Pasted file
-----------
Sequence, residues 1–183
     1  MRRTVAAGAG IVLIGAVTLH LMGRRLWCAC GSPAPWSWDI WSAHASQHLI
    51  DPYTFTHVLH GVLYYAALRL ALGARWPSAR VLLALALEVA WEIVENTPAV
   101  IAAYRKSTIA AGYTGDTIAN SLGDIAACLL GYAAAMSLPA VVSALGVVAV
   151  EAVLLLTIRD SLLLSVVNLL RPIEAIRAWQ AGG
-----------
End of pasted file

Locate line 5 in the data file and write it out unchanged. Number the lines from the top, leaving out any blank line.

   151  EAVLLLTIRD SLLLSVVNLL RPIEAIRAWQ AGG